What Causes Low Stomach Acid?

Stomach acid gradually decreases with age, and levels can start to drop as soon as age 40. 

In most people, environmental factors are the main cause of low stomach acid. These include:

  • Stress - the big one that no one likes to talk about! Stress impacts all phases of digestion, and especially the production of stomach acid and other digestive fluids
  • Low protein diet  - this is often a “chicken and the egg” situation, since eating less protein is often a result of those with low stomach recognizing protein-rich foods don’t make them feel well, and consciously or subconsciously cutting back. On the other hand, eating low protein can cause the body to naturally downregulate acid production (since less is needed to digest protein).
  • Low zinc status - zinc is an essential cofactor for stomach acid production, and the modern diet is fairly low in zinc-rich foods like oysters.
  • Eating on the go - like stress, eating in a hurry or while distracted can prevent the body from shifting into the “rest and digest” parasympathetic state needed to complete all the phases of digestion adequately.
  • And finally - using over-the-counter or prescription acid-reducing medications.


Are You Using Antacids?

Antacids include over-the-counter and prescription PPIs (proton-pump inhibitors) like Prilosec or Nexium, H2 blockers like Pepcid or Zantac, and antacids like Rolaids or Tums. They work by either blocking the production of stomach acid, or neutralizing acid in the stomach.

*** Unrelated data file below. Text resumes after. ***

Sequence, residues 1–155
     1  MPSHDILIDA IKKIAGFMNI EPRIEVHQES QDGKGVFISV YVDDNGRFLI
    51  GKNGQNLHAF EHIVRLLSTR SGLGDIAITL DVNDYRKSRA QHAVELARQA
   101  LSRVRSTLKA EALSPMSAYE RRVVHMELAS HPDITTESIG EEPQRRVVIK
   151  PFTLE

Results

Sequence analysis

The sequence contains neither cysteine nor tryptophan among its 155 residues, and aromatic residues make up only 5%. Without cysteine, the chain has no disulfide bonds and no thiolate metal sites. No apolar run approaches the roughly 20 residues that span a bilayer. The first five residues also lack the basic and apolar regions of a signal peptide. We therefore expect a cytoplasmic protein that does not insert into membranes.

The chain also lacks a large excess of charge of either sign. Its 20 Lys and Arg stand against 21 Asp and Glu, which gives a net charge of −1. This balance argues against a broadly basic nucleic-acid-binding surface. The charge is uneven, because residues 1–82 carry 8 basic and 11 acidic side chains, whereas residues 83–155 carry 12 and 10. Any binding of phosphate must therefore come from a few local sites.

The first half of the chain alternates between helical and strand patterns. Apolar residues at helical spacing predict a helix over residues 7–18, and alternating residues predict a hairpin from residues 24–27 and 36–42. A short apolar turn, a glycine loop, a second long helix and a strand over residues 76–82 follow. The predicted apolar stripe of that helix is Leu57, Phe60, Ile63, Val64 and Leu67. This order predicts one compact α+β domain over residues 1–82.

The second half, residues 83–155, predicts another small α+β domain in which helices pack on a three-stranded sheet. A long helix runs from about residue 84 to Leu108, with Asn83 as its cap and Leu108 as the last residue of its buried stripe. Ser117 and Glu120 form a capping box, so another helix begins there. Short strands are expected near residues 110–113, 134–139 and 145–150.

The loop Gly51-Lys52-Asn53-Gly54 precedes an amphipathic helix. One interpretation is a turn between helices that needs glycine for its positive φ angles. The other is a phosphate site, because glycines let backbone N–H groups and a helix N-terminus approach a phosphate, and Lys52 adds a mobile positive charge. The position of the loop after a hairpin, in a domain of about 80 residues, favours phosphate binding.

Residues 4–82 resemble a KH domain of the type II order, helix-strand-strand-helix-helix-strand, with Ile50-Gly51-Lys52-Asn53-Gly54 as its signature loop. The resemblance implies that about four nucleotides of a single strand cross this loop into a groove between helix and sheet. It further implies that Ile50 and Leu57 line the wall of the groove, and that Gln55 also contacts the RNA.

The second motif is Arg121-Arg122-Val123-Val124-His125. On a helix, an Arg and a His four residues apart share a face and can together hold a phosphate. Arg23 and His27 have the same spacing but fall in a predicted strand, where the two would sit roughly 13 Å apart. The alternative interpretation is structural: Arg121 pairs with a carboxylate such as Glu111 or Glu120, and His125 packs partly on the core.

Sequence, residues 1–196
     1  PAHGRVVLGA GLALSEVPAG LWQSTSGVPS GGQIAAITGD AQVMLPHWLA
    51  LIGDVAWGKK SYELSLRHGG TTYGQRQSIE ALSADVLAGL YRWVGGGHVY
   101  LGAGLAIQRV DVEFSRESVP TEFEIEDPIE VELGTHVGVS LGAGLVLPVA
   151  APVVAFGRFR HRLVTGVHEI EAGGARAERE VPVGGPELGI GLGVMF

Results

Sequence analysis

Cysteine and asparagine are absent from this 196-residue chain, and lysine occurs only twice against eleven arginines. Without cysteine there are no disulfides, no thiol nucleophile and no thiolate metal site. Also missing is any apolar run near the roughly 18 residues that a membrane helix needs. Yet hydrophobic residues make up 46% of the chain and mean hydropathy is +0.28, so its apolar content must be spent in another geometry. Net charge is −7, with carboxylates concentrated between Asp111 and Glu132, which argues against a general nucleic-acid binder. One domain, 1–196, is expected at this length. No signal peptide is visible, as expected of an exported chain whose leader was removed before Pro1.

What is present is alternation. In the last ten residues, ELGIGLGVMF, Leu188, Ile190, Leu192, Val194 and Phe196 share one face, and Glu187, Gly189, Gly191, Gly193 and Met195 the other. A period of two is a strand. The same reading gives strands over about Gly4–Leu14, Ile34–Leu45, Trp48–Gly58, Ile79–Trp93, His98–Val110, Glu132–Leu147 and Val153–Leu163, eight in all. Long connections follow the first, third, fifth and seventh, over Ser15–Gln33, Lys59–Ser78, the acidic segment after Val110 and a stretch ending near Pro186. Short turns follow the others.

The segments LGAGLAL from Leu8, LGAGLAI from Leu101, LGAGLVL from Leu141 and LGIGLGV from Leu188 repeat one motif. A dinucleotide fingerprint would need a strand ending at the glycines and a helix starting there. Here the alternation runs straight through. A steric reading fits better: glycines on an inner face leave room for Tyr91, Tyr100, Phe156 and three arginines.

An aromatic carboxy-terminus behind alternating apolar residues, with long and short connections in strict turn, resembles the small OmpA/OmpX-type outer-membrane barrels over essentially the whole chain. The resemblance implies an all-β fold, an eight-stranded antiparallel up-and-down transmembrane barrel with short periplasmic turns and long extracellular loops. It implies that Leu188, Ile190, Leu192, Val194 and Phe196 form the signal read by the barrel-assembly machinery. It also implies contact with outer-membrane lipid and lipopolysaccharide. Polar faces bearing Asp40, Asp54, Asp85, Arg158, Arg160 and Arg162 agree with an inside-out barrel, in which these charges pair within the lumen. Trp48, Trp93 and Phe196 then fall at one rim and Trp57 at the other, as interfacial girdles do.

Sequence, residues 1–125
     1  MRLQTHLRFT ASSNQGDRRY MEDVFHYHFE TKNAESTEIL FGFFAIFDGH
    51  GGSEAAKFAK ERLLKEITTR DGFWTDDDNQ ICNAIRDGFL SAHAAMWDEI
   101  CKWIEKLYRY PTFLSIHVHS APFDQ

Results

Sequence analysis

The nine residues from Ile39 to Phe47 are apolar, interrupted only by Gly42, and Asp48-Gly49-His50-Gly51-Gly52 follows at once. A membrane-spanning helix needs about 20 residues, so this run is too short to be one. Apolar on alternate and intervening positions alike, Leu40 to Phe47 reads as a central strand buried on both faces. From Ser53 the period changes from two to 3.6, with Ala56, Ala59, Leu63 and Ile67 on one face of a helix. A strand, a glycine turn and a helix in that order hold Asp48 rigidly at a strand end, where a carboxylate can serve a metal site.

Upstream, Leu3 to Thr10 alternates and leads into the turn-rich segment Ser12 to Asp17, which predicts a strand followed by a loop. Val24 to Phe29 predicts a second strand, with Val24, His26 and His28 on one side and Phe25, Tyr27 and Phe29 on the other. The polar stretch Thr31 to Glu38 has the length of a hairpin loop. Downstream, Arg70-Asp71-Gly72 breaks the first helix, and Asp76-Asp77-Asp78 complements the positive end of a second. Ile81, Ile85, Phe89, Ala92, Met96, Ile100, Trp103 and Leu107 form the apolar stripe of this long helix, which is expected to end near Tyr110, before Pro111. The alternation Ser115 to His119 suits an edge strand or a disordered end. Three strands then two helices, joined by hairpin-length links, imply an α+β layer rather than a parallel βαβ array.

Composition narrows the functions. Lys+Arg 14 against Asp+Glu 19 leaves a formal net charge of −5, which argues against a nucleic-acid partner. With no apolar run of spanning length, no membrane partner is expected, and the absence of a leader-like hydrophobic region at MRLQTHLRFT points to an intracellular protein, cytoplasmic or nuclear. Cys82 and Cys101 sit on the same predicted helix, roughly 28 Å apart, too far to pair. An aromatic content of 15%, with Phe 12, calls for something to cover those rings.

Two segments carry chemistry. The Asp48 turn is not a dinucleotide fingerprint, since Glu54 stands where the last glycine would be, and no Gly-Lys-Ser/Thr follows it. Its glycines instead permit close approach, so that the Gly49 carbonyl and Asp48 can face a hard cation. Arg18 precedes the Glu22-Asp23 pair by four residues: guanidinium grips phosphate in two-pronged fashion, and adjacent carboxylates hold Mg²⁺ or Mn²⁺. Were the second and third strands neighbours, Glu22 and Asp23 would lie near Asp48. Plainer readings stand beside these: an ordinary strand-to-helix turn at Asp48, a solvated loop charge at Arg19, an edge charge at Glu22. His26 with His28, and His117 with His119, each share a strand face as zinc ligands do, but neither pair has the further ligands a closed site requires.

These are some of the most commonly used drugs in the world. And, when used the right way, they can be extremely beneficial. But, many people take these drugs daily for years without any idea of the potential side effects. 

Research has shown that PPI use can lead to the development of Small Intestine Bacterial Overgrowth (SIBO), which causes bloating, diarrhea, constipation, food intolerances, and stomach pain. In one study, more than half of people on a PPI for 12 weeks developed SIBO. In addition, research has shown PPI use is a risk factor for candida overgrowth, as well. The connection between PPIs and both candida and SIBO is likely due to the reduced ability of the body to kill pathogens that come in on the food you eat or with your saliva. 

The irony with antacids is that most people take them to address the symptoms of low stomach acid - bloating, gas, indigestion - without realizing that they are actually just compounding the problem by further reducing acid levels. 


How Do I Know If I Have Low Stomach Acid?

Testing for stomach acid levels is possible with a test called the Heidelberg acid test. However, this test is extremely difficult to come by, and most doctors and practitioners don’t have access to it. 

Instead, I use an advanced stool panel to look for several key specific bacterial indicators of low stomach acid. Specifically, I look for these bacteria:

  • Pseudomonas - this bacteria grows on poorly digested proteins that may be present due to low stomach acid. It also commonly occurs with food sensitivities, as undigested proteins are a main driver for triggering an immune response to foods. If you have high pseudomonas, and especially with food sensitivities, think about raising your stomach acid levels!
  • Streptococcus and enterococcus - these gram-positive, aerobic species naturally occur in the oral microbiome, gut microbiome (found in the large intestine), and upper respiratory tract. However, they can overgrow or become infectious. Streptococcus commonly causes strep throat and upper respiratory infection, and if stomach acid is low, can infect the stomach. Enterococcus strains are common in dental infections (and found in up to 90% of infected root canals), and if stomach acid is low, can also infect the stomach.